MN-S has a partnership with the Indian Register, the official record of people registered under the Indian Act of Canada, to cross-reference applicants and make sure they’re not registered there. To satisfy the aspect of the MN-S definition stating that Métis people must be distinct from other Aboriginal peoples, a person who is registered under the Indian Act cannot be registered with the MN-S.

Applicants have to show that their genealogy connects back to somebody who was a historically recognized Métis person. Vallee says MN-S generally traces a person’s lineage back about 100 years.

MN-S has partnerships with eHealth in Saskatchewan and Alberta that allows it to access birth, marriage or change of name records and has gathered a vast genealogy collection over the years that includes government, church and fur trade records, according to Vallee.

“No family tree is the same and sometimes they’re a little bit more challenging and we really try to work with the applicant to find alternative sources or help them figure out what other records that they can use.”

Vallee said people should hear from the registry within four months of submitting an application.

“From there, it just depends on how complicated the process is for somebody,” she said, citing factors such as if a person was adopted, has had multiple name changes or has any discrepancies in their family tree. 

There are more than 18,500 Métis people registered with the MN-S and about 6,000 people currently in the application process, according to Vallee. However, she said MN-S estimates there are roughly 80,000 people in Saskatchewan who are Métis.

Definition of Métis citizenship

MN-S is once again calling on all post-secondary institutions in the province to stop relying on Indigenous self-identification and adopt its definition of Métis citizenship when hiring people or granting scholarships.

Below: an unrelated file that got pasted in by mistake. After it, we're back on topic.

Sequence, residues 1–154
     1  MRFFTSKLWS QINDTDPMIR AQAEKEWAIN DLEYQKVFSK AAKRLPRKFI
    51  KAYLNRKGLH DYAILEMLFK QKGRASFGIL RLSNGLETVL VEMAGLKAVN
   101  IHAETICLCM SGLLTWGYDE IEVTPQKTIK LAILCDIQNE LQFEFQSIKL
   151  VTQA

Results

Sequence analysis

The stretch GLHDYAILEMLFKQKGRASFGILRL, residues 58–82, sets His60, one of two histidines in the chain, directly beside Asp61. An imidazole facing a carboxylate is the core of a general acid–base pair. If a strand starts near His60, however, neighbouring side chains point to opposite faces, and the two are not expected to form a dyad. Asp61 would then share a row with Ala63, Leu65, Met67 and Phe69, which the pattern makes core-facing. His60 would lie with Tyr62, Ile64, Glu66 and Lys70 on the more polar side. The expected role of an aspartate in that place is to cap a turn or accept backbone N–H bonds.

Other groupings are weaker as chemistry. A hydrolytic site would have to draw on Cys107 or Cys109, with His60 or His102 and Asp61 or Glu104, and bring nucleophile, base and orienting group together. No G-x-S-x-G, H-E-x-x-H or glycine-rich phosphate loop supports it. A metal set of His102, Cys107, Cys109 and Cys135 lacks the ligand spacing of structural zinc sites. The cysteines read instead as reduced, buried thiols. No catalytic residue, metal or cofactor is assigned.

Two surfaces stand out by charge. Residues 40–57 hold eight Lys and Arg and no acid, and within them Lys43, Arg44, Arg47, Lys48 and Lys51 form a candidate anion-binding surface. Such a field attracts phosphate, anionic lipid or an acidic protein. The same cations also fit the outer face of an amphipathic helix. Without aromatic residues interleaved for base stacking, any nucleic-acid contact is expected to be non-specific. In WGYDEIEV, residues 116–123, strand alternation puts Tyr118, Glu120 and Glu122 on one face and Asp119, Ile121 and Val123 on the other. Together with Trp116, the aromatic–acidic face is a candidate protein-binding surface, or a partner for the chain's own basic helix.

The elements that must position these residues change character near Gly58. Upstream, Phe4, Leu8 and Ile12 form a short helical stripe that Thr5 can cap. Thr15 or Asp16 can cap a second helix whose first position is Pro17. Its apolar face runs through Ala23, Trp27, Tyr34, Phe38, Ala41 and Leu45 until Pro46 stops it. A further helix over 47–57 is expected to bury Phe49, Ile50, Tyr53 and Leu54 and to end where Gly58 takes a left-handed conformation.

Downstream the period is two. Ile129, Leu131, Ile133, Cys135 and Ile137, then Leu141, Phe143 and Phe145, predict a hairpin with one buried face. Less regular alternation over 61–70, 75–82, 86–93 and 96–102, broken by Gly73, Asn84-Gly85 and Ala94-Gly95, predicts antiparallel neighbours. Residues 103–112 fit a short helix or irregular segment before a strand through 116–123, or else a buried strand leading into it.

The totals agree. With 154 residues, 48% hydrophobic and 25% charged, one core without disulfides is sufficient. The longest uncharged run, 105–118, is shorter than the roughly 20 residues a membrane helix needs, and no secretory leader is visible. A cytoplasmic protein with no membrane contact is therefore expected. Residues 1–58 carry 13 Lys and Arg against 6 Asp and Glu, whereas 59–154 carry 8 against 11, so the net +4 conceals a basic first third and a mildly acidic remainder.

MN-S first asked institutions to adopt the definition in June 2020, “to help prevent the wrongful appropriation of the designation ‘Métis,’ ” but so far none have done so. 

“It takes a lot of work. That’s why reconciliation is such a hard word. Indigenization is a hard word,” McCallum said. “It takes a lot of hard work to be able to be on the same page and have common sense about us working together.”

Darryl Leroux, a non-Indigenous professor at Saint Mary’s University in Halifax, has written extensively on issues of so-called race-shifting, which he defines as when white people claim Indigenous identity. He said it’s stunning that Canadian institutions continue to think self-identification is sufficient.

“Self-identification can no longer be used as a sole basis of claims to Indigenous identity because of the rampant fraud that is going on right now.”

An internal email sent to all Indigenous staff and faculty at the University of Saskatchewan last Thursday and obtained by CBC News appears to acknowledge the limitations of self-identification.

“It is apparent that self-identification is no longer sufficient for Indigenous-specific appointments and roles,” the email read.